Double Nugget, Gone but not forgotten


Here’s some proof, if any was really needed, that everything in music has been done before and will be done again to the nth degree. A regular visitor to these pages once pointed out to me how similar The Libertines ‘Last Post on the Bugle’ sounded to Australian psych-heads The Masters Apprentices 1967 track ‘War Or Hands Of Time’. Making a mental note I promised to myself I’d listen to both records back to back before writing a bit about them.

The Masters Apprentices

I’d forgotten all about this shallow promise until the other day when The Masters Apprentices track shuffled up on my iPod. And I didn’t recognise it at first. “I don’t remember putting those Libertines demos on here,” I thought. Then it clicked. It wasn’t the Libertines. It was ‘War Or Hands Of Time’. And it sounded an awful lot like ‘Last Post On The Bugle‘. It really does. 

Johnny Thunders Pete Doherty

A check on the sleevenotes of the self-titled Libertines second album reveals a wee clue – Last Post On The Bugle is jointly published by EMI and MCA/Universal Music Publishing. A further bit of internet digging reveals that the track is written by Doherty/Barat/Bower. Doherty and Barat you’ll know…..but you may not know that Bower is (presumably) Michael Bower, guitarist with The Masters Apprentices. Voila! Not quite an admission of theft from Pete ‘n Carl (there’s no writing credit on the album sleeve), but nonetheless, they’ve given half the publishing over to a long forgotten hippy living on the other side of the world.

War Or Hands Of Time

When I turn cold, I will be thinking of you
When I’m far away, try to remember what I said
The day I live, I’ll still be dreaming of your love
Wait for the clouds to pass your way
Wait for me I’ll be back some day

Whereas the original track was written about a soldier embracing his sweetheart before heading off to war, Doherty keeps the melody and rewrites the song’s original lyrics to address the break up of his friendship with Carl Barat and The Libertines.

Last Post On The Bugle

If I have to go
I will be thinking of your love
Oh somehow you’ll know
You will know
Thinking of your love
Slyly they whispered away
As I played the last post on the bugle

Go Compare! As I said, proof that everything in music has been done before. Proof, also, that junkies will steal just about anything. Even the melody from an old long-forgotten slice of Antipodean psychedelic rock.

It’s a fair cop, guv etc etc


Cover Versions, Hard-to-find

Peter Painter Painted Pete In Pastels

Acclaimed artist and Ayrshireman Peter Howson’s very stylised work sells for tens of thousands of pounds at a time. Many of his paintings are centered around what he has observed in life – hard working men down the mines of Ayrshire, hard drinking men in the rough-round-the-edges pubs we’ve all seen wherever we live. If you look closely enough you might also see a bit of religious imagery in there. At least, I think I can. He’s also painted The Queen, Henrik Larsson and Madonna in the nude (just Madonna, not the other two.) This weekend he has been in the headlines of most of the big papers.  He’s just unveiled 6 new works which depict Pete Doherty as dead.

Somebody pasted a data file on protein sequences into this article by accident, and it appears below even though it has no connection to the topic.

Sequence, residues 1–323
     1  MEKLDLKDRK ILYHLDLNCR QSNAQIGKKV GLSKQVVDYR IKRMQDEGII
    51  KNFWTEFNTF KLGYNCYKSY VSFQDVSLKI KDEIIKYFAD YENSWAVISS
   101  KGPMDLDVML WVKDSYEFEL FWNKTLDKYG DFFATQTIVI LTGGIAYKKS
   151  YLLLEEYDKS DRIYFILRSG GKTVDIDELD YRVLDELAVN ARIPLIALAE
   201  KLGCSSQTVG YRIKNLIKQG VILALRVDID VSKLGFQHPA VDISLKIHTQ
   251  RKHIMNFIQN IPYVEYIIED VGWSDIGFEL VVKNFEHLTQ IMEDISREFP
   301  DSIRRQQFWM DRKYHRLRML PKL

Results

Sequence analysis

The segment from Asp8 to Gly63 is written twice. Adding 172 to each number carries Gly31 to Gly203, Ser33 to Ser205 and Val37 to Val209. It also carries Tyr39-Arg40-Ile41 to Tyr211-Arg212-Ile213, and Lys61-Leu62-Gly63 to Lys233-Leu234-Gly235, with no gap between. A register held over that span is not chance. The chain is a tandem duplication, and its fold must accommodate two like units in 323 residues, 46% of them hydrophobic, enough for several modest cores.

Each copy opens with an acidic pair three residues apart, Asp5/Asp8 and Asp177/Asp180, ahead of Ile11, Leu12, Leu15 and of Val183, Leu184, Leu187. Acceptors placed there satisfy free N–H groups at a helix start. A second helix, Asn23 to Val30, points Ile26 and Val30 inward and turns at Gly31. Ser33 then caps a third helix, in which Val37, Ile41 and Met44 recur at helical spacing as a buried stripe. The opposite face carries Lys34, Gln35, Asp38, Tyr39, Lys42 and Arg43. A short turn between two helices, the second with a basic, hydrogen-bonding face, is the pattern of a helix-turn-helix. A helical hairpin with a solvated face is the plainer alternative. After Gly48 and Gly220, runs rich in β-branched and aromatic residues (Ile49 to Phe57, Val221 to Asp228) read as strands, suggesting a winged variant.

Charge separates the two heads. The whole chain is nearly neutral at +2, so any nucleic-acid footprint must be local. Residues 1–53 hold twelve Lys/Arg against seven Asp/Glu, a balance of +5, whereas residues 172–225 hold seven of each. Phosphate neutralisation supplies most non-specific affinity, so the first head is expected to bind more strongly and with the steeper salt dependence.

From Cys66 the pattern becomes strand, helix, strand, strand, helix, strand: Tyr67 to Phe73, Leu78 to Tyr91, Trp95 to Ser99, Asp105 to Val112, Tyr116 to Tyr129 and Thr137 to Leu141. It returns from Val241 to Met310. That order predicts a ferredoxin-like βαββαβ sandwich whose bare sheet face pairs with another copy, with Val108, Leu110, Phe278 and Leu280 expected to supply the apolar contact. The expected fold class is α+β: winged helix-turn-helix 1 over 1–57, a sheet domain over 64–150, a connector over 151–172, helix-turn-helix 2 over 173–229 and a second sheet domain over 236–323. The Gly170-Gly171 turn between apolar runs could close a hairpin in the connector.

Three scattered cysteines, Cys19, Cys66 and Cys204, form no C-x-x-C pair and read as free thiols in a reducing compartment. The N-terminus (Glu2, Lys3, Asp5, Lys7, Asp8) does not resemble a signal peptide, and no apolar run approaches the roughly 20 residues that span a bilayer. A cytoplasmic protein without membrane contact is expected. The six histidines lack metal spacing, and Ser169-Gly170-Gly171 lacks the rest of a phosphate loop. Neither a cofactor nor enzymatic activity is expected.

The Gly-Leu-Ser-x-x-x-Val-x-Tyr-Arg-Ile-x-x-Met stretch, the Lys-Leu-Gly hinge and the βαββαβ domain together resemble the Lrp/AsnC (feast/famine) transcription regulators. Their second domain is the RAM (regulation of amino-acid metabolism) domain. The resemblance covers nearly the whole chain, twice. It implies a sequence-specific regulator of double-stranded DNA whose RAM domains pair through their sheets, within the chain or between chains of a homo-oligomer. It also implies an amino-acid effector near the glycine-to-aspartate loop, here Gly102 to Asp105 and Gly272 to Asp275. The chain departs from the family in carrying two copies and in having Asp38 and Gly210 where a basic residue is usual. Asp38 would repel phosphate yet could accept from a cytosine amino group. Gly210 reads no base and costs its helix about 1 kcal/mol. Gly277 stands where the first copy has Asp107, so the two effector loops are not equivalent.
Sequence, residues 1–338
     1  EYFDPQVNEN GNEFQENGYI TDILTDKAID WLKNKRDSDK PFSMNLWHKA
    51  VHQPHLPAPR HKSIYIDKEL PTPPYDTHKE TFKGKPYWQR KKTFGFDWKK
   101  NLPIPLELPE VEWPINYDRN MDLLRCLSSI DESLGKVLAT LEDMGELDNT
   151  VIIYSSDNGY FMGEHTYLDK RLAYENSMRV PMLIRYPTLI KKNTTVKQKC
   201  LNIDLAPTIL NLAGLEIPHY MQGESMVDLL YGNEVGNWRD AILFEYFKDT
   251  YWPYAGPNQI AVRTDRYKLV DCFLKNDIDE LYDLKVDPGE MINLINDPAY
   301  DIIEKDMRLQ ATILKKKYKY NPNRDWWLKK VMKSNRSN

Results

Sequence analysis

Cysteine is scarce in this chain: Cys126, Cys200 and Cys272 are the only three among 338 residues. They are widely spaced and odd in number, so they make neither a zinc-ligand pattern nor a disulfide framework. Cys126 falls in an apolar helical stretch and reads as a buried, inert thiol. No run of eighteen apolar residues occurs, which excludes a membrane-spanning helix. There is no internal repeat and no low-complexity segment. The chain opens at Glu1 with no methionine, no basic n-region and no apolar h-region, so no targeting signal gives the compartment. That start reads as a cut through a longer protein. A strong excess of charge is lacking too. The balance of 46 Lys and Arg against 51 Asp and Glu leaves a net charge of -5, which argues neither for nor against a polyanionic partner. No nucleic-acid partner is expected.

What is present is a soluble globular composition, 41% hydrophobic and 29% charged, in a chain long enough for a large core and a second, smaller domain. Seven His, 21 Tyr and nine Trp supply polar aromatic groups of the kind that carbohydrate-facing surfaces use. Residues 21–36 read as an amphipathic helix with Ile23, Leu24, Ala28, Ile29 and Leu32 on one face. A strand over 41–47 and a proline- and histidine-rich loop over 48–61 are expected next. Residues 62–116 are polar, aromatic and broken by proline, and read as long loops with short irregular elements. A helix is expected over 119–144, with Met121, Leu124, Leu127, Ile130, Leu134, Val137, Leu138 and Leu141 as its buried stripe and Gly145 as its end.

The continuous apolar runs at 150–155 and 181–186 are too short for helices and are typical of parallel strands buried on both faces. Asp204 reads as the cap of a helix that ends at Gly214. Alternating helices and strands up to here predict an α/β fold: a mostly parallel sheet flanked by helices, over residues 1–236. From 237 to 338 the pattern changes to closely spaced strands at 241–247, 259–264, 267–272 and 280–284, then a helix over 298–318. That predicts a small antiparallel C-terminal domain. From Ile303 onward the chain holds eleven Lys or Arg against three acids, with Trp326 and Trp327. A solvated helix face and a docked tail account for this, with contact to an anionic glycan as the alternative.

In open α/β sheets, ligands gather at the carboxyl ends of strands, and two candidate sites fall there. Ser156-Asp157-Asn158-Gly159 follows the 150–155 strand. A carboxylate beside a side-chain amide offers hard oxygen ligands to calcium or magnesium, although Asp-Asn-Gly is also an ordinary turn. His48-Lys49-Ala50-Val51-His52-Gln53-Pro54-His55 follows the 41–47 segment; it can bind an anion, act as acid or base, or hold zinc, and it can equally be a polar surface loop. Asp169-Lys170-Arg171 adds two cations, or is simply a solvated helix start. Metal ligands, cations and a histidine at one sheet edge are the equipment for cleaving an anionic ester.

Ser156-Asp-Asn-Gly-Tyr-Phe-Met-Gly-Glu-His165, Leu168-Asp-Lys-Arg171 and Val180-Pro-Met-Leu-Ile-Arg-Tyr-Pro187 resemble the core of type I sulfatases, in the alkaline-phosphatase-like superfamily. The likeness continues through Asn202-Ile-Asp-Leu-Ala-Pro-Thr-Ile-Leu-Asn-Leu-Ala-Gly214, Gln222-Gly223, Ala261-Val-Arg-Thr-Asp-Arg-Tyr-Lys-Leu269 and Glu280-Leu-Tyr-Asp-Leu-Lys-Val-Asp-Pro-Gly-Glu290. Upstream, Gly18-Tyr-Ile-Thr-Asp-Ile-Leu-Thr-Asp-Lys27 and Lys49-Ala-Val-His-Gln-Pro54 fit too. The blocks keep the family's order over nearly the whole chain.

It would appear that the Last of the Great Romantic Poets has a bit of a death wish. Some of you may think this is a good thing. Certainly, many would argue that his best years as a writer are behind him. Howson is no stranger to this sort of criricism himself. After a battle with drink and drugs he found God, then found himself on the frontline in Bosnia as the Governent’s Official War Artist. He says his paintings are a warning to Doherty, that he’s lived the scuzzy lifestyle himself and he fears Doherty will end up dead.

“I’ve painted Pete dead before he ends up that way. This is my warning to him. I don’t want him to die but he surely will soon unless he changes. Pete can influence a whole generation by kicking this evil habit. He could become the right kind of hero. I know what it is like to live the rock ‘n’ roll lifestyle. I would love to meet Pete and shake some sense into him.”

In one drawing, Doherty is wearing a Dante hat instead of his usual trilby. It’s a reference to Dante‘s poem Divine Comedy, about his trip to hell.

Pete’s people said: “I don’t believe Howson knows Peter so I don’t know where he got his inspiration from. We have not seen the drawings.”

The pictures went on show yesterday (Sunday) at ArtDeCaf, Glasgow.

Anyway, all this gives us a good excuse to get out the Libertines bootlegs and give you some stuff you may never have heard before. First up, Pete plays The La’s. This is a 28 minute studio outtake of him messing around playing ‘Son Of A Gun’, ‘Callin’ All’, ‘Timeless Melody’ and some Smiths stuff amongst a whole rake of familiar and unheard Doherty originals. Sponatneous? Certainly. Rough? Definitely. Essential? Of course! Next up, ‘Hooligans On E’, from another studio session (date unknown, sorry). I bloody love this half-baked, half-finished song. Some of the lyrics are great. Also, you can have this beauty. ‘Road To Ruin’ is different to the album version. It features a great spooky keyboard part. Mostly sung by Carl, it’s just about my favourite Libertines outtake. Finally, if you fancy a lazy Sunday hanging around art galleries looking at paintings of dead people who aren’t dead yet, this is for you. The Libertines do the Small Faces ‘Lazy Sunday’. Originally on the soundtrack to the film ‘Blackball‘, it sounds just as you’d expect. Which is half arsed and out of tune. Of course.